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Publication numberUS6888146 B1
Publication typeGrant
Application numberUS 09/289,332
Publication dateMay 3, 2005
Filing dateApr 9, 1999
Priority dateApr 10, 1998
Fee statusLapsed
Publication number09289332, 289332, US 6888146 B1, US 6888146B1, US-B1-6888146, US6888146 B1, US6888146B1
InventorsKa-Ngo Leung, William A. Barletta, David O. Patterson, Richard A. Gough
Original AssigneeThe Regents Of The University Of California
Export CitationBiBTeX, EndNote, RefMan
External Links: USPTO, USPTO Assignment, Espacenet
Maskless micro-ion-beam reduction lithography system
US 6888146 B1
Abstract
A maskless micro-ion-beam reduction lithography system is a system for projecting patterns onto a resist layer on a wafer with feature size down to below 100 nm. The MMRL system operates without a stencil mask. The patterns are generated by switching beamlets on and off from a two electrode blanking system or pattern generator. The pattern generator controllably extracts the beamlet pattern from an ion source and is followed by a beam reduction and acceleration column.
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Claims(20)
1. A pattern generator for controllably producing a plurality of micro-ion-beamlets from an ion source in a selectable pattern, comprising:
a first electrode positioned adjacent to the ion source and having a first plurality of apertures formed therein for producing an array of micro-ion-beamlets by passing ions from the ion source therethrough;
a second electrode in a spaced relation to the first electrode and having a second plurality of apertures formed therein and aligned with the first plurality of apertures, the second electrode electrostatically and individually controlling the passage therethrough of each of the micro-ion-beamlets passing through the first electrode to produce the selectable pattern.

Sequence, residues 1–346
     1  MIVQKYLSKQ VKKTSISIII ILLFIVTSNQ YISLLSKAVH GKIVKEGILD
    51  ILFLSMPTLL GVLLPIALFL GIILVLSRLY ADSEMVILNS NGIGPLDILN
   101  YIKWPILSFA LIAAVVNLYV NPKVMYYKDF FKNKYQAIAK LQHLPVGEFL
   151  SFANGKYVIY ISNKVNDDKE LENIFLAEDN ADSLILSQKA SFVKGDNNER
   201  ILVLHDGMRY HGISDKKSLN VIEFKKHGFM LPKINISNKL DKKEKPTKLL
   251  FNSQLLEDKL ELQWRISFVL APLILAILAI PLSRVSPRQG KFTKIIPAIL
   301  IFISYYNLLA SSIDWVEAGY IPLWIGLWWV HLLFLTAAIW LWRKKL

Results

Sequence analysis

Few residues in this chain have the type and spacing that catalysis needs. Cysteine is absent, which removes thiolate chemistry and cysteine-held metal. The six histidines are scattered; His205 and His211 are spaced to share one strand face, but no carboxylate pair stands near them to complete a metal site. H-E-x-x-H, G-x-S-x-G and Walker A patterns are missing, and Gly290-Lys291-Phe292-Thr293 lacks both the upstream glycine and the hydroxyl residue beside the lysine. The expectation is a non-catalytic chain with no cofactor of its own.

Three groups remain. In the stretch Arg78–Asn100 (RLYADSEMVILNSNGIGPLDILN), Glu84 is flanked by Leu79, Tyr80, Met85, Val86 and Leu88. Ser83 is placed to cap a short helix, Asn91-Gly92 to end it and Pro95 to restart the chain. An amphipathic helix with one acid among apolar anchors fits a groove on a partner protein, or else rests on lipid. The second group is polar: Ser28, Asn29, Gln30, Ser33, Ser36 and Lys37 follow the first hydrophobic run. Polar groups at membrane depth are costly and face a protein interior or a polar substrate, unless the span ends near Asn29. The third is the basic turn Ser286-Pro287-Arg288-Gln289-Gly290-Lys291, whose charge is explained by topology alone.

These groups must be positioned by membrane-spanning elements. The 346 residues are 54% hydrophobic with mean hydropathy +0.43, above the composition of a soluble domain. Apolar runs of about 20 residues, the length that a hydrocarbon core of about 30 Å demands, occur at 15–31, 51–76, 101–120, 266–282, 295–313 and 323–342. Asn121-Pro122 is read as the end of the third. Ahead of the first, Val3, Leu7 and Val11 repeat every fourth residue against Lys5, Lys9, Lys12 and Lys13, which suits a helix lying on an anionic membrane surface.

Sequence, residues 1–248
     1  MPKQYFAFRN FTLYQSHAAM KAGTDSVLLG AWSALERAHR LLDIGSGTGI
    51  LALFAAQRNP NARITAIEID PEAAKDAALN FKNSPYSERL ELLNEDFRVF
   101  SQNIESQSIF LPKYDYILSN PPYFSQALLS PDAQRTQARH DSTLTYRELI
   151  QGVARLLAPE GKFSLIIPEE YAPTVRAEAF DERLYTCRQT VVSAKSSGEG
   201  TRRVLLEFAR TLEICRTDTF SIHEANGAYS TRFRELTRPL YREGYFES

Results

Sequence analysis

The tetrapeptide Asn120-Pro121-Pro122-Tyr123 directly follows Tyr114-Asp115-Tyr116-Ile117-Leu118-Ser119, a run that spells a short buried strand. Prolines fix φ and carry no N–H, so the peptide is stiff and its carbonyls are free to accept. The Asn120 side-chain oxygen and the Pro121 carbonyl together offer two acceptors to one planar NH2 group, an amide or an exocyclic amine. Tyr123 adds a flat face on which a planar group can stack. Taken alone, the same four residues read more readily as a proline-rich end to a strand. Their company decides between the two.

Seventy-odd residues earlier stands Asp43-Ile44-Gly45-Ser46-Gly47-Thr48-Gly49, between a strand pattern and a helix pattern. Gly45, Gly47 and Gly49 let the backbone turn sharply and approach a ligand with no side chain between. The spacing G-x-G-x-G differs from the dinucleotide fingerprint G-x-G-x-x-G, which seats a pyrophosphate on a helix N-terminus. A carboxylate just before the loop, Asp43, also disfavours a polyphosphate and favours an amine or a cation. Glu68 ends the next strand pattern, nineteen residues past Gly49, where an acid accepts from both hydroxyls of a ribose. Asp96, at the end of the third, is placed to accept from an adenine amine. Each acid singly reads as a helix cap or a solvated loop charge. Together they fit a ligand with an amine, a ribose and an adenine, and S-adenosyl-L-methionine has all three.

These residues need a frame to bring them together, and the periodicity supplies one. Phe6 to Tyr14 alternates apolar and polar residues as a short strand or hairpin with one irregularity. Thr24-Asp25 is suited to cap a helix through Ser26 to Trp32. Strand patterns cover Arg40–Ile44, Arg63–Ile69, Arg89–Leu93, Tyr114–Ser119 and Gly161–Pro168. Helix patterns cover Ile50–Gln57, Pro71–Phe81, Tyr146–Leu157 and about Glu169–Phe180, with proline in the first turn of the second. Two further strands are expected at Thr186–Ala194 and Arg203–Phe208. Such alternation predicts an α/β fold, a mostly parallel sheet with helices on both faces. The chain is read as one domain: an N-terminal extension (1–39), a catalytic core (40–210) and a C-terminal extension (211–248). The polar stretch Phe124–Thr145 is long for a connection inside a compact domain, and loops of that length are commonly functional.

2. The pattern generator of claim 1 wherein first electrode comprises a conductor having the first plurality of apertures formed therein.
3. The pattern generator of claim 2 wherein the second electrode comprises an insulator having the second plurality of apertures formed therein, and a conductive electrode element in each aperture.
4. The pattern generator of claim 3 further comprising a controllable voltage source connected to the first electrode and to each conductive electrode element of the second electrode.
5. A maskless micro-ion-beam reduction lithography (MMRL) system, comprising:
a plasma generator which produces ions in a plasma generation region;
a pattern generator positioned adjacent to the plasma generation region of the ion source for electrostatically extracting ions from the plasma generator and producing a controlled selectable pattern of micro-ion-beamlets;
an acceleration and reduction column following the pattern generator and having aligned apertures therethrough for accelerating and focusing the micro-ion-beamlets extracted from the plasma generation region to produce a demagnified final ion beam with the selected pattern.
6. The MMRL system of claim 5 wherein the plasma generator comprises a multicusp ion source.
7. The MMRL system of claim 6 wherein the plasma generator comprises a multicusp ion source with a coaxial magnetic filter.
8. The MMRL system of claim 5 wherein the pattern generator comprises a two electrode blanking system.
9. The MMRL system of claim 5 further comprising a voltage source connected to the pattern generator for applying voltages to the pattern generator to control individual beamlets.
10. The MMRL system of claim 5 wherein the pattern generator comprises a pair of spaced electrodes having a plurality of apertures therethrough, and a controllable voltage source connected to the two electrodes to electrostatically control the passage of each individual beamlet to form a predetermined beamlet pattern.
11. The MMRL system of claim 5 wherein the pattern generator comprises:
a first electrode positioned adjacent to the ion source and having a first plurality of apertures formed therein for producing an array of micro-ion beamlets by passing ions from the ion source therethrough;